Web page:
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1939 Duesenberg Coupe Simone Midnight Ghost - LE

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Artikelnummer: B11E796

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1939 Duesenberg Coupe Simone Midnight Ghost - LE

Issued on the 10th anniversary of the car that never was, this incredible die-cast model is the creation of acclaimed designer Raffi Minasian. Inspired by the modernist lines of the Art Deco movement, it captures all the romance of a bygone era. The graceful sweep of the fenders, the luxuriously appointed interior complete with a crystal-clear steering wheel - every detail of the designer's vision brought unforgettably to life. Hand-painted an elegant Midnight Ghost, this special anniversary Limited Edition bears the designer's signature on a plaque mounted to the undercarriage.

 

The Coupe Simone – A Brief History

The story of the Duesenberg Coupe Simone and Emmett-Armand Coachworks was first revealed in 1996 at The Franklin Mint Museum exhibit, "Crossroads." Chronicled by Designers Roger Hardnock and Raffi Minasian, this unique presentation revealed the recently discovered remnants of the coachworks, a diary of the events leading up to the delivery of the Simone in Paris, and drawings of this unusual car under development.

 

In 1998, Franklin Mint Precision Models released the first and only 1:24 scale die-cast replica of the Coupe Simone. Collectors throughout the precision model community have welcomed this innovative and dynamic model as an integral part of their collections, sharing the story and unique history of this imaginative vehicle.

 

In celebration of the ten-year anniversary of the release of the Duesenberg Coupe Simone, Franklin Mint Precision Models is proud to present the Duesenberg Coupe Simone "Midnight Ghost" 10th Anniversary Signature Edition.

 

History of the Commemorative Paint Scheme – The "Midnight Ghost"

Emmett-Armand Coachworks had been working on the Coupe Simone for more than a year when plans began to develop for new projects. In 1938, with the growing interest in special-bodied cars, Emmett became immersed in the business and promotion of the coachworks throughout the Eastern States. At home, Armand focused on the details of the coachworks while Emmett traveled as far West as Chicago, engaging new clients through many of his extended family contacts.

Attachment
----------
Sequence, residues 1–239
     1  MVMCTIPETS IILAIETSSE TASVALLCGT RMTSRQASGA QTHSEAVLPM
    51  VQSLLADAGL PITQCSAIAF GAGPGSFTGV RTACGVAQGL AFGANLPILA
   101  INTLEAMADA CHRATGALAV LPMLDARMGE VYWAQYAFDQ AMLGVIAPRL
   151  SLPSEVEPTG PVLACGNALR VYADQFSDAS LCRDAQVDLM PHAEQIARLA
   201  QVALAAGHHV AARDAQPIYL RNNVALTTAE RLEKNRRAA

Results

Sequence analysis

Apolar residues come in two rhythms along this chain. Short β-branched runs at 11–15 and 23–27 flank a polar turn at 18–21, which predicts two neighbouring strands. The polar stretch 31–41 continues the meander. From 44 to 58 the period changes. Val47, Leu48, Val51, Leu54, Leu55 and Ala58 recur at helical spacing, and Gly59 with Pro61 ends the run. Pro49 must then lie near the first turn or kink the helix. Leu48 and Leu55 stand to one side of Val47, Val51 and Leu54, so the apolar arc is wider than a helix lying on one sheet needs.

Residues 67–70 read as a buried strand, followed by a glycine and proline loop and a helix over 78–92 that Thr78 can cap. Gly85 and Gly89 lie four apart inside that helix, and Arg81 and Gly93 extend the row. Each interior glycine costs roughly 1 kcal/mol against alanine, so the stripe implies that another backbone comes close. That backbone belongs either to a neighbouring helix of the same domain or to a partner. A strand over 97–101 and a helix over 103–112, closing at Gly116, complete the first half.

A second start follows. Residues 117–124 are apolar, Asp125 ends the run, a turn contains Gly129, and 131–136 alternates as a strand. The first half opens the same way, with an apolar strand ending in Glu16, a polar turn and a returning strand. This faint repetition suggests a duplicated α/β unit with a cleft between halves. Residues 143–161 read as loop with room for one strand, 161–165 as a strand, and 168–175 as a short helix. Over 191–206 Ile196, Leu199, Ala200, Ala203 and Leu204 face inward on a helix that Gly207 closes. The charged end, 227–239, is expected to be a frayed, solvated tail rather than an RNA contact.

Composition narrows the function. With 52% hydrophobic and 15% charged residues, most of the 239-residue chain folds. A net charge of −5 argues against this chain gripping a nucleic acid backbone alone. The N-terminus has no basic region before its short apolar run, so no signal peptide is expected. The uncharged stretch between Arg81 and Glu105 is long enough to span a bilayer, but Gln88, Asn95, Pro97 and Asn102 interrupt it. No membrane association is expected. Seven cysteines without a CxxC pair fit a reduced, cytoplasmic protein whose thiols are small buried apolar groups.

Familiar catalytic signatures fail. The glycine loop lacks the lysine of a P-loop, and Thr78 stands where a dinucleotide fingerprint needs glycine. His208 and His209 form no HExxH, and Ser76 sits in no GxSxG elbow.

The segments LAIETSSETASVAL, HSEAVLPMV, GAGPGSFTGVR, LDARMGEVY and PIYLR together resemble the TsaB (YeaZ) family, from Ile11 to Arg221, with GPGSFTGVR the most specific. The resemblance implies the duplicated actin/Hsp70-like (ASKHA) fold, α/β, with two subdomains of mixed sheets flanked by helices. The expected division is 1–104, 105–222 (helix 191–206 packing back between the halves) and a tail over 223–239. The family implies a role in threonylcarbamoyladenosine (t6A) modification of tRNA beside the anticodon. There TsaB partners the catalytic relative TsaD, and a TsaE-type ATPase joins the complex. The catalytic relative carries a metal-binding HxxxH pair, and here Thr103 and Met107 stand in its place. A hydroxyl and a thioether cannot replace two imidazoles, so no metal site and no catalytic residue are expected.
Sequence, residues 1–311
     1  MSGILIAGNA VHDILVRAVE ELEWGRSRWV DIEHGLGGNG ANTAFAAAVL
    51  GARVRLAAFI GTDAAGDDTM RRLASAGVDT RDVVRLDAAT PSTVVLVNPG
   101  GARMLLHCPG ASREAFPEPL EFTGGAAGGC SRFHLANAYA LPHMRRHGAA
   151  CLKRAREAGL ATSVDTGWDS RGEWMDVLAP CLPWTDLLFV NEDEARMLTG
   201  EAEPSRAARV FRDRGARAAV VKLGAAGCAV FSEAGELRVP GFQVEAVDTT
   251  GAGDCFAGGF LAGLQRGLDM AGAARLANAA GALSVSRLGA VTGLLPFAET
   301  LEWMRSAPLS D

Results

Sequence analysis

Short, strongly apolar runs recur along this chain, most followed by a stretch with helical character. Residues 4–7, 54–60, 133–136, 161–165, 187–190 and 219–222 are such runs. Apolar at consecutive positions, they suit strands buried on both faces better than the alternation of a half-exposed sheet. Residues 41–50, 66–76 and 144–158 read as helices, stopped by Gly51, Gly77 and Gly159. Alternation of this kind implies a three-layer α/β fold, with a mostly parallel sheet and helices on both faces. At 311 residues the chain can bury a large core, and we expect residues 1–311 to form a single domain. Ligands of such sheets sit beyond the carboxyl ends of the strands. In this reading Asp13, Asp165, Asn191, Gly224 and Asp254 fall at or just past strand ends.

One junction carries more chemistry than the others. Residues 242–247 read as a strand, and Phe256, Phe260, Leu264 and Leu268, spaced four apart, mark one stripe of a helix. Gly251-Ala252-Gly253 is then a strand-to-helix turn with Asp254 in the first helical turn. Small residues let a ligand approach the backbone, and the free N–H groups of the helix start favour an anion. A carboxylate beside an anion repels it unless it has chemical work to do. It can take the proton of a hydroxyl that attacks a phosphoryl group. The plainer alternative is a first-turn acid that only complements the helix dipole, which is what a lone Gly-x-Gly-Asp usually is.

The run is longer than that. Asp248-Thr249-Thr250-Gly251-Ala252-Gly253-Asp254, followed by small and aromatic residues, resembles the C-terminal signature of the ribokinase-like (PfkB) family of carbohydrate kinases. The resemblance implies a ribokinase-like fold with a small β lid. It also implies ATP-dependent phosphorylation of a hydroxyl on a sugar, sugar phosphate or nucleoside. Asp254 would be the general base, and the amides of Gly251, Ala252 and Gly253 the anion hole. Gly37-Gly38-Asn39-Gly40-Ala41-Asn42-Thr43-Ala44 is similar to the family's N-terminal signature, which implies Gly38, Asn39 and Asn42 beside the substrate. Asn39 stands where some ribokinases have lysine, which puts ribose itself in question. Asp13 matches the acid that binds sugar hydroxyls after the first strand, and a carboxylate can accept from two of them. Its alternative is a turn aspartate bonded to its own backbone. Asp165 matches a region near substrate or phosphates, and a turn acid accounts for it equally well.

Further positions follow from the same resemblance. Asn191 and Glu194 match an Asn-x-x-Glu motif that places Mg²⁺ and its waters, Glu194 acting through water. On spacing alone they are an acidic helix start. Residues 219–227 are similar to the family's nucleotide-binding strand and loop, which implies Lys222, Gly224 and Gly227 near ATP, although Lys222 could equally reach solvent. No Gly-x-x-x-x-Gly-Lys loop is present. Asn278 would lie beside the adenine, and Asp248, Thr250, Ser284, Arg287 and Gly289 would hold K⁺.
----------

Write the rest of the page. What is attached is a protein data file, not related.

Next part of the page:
As the car was prepared for the initial showing to Gui LaRouche, Armand was notified that the chassis was being shipped, and within two weeks they could expect delivery. Upon arrival, Emmett and Armand were shocked to find the chassis equipped with a fully prepped, supercharged engine. Seeing this opportunity, Armand convinced Emmett to present the car to LaRouche in "sporting trim." The two worked several nights preparing the car in a daring black paint scheme, with blackwall tires and highly polished supercharger.

 

LaRouche, a wealthy cosmetics king and patron for the project, arrived at the coachworks late in the evening. Had the train been on time, LaRouche might have arrived earlier and appreciated the subtlety of the metallic black and silver trim as it glowed in the early sunset light. Instead, he was not pleased with the "rather evil appearance," calling upon Emmett and Armand to "please research a color combination more becoming to that of his refined tastes." Emmett, attempting to divert LaRouche's discontent, invited him to take the car for a drive. An excerpt from Armand's diary recalls the results:

 

"Although the two had only left a few minutes before, their early return was punctuated by the fact that Emmett was driving. LaRouche exited the car visibly shaken as Emmett came around to steady him, stumbling with his walking cane. We offered LaRouche (more accustomed to chauffeurs) some calming tea as he confessed that he had only driven a few times in cars featuring no more than 20 or 30 horsepower. His ghostly white face and trembling hands convinced us that the supercharged version of this car would be nothing more than a waste and certainly a hazard to our client. Emmett and I removed the supercharger and offered it for return to the Duesenberg Company. Curiously, they encouraged us to retain the unit should we have a use for it in future projects." Emmett

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